U.S. Rep. Rick Larsen, Island Transit highlight challenges of rural transportation

Whidbey Island received some attention from Congress for its unique position within a rural county.

Whidbey Island recently received some attention from Congress for its unique position within a rural county.

During a stakeholder meeting in the nation’s capital on March 21, members of the Subcommittee on Highways and Transit of the House Committee on Transportation and Infrastructure listened to the challenges that rural communities face when it comes to providing transit.

Todd Morrow, executive director of Island Transit, represented the Community Transportation Association of America and provided testimony as a witness about the difficulties his organization has encountered. The zero-fare transit system has an annual budget of $21 million, a fleet of more than 60 buses and a staff of 136 employees. In 2023, Island Transit expanded to include Sunday service. Around this time on-demand services were also added.

According to Morrow’s testimony, the longest route in the system – from Oak Harbor to the Clinton ferry terminal – is also the most popular, with an average of 1,798 riders on a weekday.

During the past year, Island Transit carried an average of 7,485 passengers on trips each week.

The transit system serves an aging demographic; data from the 2020 census indicated that 25% of Island County’s population was aged 65 or older. The census also showed that 13% of the population were veterans, and just over 15% identified as having a disability.

Island Transit has a 17-year plan to replace its current fleet with both hydrogen and battery electric vehicles. However, the availability of vehicles, as Morrow testified, has been severely impacted by a bus manufacturing shortage and supply chain issues. The agency’s order of nine additional vehicles is “in limbo,” he wrote, because the manufacturer is no longer in business.

During the meeting of the house subcommittee, Morrow spoke about the difficulty in transitioning the agency’s fleet because advances in zero emission technology have not successfully expanded to the smaller class of vehicles used by Island Transit. Battery range is low, and charging infrastructure is not prevalent in rural America.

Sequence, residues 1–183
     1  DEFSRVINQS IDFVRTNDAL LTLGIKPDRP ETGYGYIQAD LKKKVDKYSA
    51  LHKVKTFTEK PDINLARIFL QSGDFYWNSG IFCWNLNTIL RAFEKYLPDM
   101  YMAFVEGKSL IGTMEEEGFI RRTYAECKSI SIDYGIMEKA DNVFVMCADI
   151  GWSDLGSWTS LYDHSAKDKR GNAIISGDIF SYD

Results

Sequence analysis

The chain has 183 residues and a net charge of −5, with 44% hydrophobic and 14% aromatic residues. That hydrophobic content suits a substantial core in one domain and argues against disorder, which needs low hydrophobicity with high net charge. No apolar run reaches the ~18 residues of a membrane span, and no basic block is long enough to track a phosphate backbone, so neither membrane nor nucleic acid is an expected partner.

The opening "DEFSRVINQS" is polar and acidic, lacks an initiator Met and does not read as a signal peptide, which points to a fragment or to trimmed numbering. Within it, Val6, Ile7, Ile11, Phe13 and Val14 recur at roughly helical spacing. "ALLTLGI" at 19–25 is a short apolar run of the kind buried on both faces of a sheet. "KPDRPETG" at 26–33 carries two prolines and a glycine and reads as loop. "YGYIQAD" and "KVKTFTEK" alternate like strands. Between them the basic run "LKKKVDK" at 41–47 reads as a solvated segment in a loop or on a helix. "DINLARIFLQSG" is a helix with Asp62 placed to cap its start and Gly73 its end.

“The capacity of our local power grid and grid resiliency is also a concern,” he said. “To address this, my agency has purchased acreage adjacent to our operating base with the potential for siting a micro grid there for possible additional electricity.”

Morrow also spoke about the challenges of recruiting drivers. He suggested the federal government could make changes by expediting the certification of testing labs for required drug and alcohol testing. Another area for improvement that he pointed to was the requirements to obtain a commercial driver’s license, or CDL. He advocated for an addition to the CDL passenger endorsement focused on bus driving and public transit.

In his testimony, Morrow thanked U.S. Rep. Rick Larsen, who serves as a ranking member on the House Committee on Transportation and Infrastructure, for the $7.52 million grant Island Transit was awarded to build a new transit center on South Whidbey.

Larsen, who represents the state’s second congressional district that includes Whidbey Island, also testified during the meeting about the importance of supporting public transportation in a rural community.

“A key part of realizing equity in transportation systems is ensuring smaller communities can succeed in accessing funding,” Larsen said in his statement. “Smaller communities have limited funds to design and apply for infrastructure grants and limited capacity to manage complex permitting and construction. Yet, smaller jurisdictions in my district and throughout the country are in great need of investment.”